Bahrain opposition rejects dialogue with rulers
Bahrain's main Shiite opposition group on Saturday rejected dialogue with rulers, after violence erupted the day before when security shot at protesters in the capital, Manama, DPA reported.
Khalil Ibrahim al-Marzook, a senior member of the Islamic National Accord Association, or Al Wifaq block, told Al Jazeera television that they would not hold any dialogue until "tanks are off the streets" and "the army stops shooting at peaceful protesters."
Several protesters were injured on Friday when the army fired live ammunition at demonstrators near Lulu Square in Manama. Thousands of mourners had turned out for the funerals of four protesters killed in clashes with police the day before.
There was no clear casualty count available on Saturday. Health Minister Faisal Ben Yacoub Al Hamar said that six people had been injured overnight to Saturday. But doctors at Salmaniya hospital, where people injured have been taken over the past few days, said they had received at least 66 injured people.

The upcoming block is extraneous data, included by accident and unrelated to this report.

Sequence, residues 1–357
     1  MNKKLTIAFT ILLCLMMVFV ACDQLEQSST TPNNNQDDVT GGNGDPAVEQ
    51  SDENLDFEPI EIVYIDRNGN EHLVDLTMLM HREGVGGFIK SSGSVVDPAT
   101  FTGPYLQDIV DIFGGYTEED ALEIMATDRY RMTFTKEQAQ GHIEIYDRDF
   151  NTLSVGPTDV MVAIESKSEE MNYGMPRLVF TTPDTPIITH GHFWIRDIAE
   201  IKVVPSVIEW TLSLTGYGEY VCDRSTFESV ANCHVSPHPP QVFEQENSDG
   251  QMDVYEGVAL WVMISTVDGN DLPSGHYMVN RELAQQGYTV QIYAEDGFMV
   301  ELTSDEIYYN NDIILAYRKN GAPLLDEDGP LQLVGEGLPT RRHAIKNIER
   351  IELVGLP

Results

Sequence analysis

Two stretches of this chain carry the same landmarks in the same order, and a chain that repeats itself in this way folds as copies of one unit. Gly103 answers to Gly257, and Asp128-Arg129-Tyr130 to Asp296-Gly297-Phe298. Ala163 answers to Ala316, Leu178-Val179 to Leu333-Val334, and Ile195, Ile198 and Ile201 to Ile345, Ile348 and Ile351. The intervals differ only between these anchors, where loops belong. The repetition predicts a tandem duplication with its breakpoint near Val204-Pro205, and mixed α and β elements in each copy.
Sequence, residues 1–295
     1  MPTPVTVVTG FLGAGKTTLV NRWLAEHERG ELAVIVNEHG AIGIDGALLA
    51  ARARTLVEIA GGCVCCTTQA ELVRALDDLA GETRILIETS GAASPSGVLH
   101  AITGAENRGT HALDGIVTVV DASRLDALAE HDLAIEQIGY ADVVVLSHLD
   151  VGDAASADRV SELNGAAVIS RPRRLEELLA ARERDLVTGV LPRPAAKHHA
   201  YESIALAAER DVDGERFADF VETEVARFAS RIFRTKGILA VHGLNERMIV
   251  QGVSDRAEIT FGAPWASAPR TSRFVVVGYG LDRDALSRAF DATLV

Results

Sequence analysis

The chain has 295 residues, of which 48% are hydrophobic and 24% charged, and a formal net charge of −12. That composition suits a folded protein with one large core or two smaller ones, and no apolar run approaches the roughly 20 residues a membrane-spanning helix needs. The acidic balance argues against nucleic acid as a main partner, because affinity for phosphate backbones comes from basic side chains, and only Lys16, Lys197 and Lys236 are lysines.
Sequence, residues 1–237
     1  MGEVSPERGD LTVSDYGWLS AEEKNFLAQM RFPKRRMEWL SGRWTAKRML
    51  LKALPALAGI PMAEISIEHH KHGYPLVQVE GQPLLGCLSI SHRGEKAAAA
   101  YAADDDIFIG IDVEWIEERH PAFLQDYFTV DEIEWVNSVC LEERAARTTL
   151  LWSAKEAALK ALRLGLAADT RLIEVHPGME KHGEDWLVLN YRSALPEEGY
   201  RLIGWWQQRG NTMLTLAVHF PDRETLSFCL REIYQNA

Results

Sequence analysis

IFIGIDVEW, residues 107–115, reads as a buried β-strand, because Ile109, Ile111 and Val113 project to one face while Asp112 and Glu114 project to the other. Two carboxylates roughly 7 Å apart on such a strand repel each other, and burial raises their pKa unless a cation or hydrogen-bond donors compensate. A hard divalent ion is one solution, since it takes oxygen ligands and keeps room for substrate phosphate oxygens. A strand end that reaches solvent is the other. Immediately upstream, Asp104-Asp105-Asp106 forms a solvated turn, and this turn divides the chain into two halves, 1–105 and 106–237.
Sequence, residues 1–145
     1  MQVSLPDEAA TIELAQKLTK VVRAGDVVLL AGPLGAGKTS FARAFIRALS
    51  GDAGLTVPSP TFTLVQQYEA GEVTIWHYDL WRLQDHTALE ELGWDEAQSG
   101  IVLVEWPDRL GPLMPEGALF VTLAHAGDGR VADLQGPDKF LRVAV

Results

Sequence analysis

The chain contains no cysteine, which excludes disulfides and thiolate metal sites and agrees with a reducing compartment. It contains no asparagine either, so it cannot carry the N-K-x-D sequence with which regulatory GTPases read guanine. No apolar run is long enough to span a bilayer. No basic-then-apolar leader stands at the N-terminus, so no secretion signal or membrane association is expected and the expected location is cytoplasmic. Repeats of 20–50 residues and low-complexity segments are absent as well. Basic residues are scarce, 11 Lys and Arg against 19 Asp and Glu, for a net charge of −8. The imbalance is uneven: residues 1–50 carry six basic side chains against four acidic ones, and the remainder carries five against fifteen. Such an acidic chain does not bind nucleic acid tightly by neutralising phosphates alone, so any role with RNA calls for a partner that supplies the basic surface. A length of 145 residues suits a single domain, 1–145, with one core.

Video footage posted Friday on the internet showed several protesters with shot wounds to the legs. Others were seen with blood covering their heads.
Several hundred people were still protesting on Saturday morning in front of Salmaniya hospital. More protests were planned around the country though the army was occupying Lulu Square to prevent further demonstrations.
King Hamad bin Isa Al Khalifa asked the crown prince to lead a national dialogue with all parties and sections of Bahrain.
"We need a period of time to assess what has happened so that we can regroup and gather together, regain our compassion, civilisation and future," crown prince Sheikh Salman bin Hamad Al Khalifa, said on Bahrain national television Friday.
Bahrain's protesters had initially called for democratic reforms, but they have upped that call to nothing less than a regime change.
More than 80 per cent of the million-strong population is Muslim - two-thirds are Shiites, while the ruling family are Sunnis. Many Shiites feel discriminated against.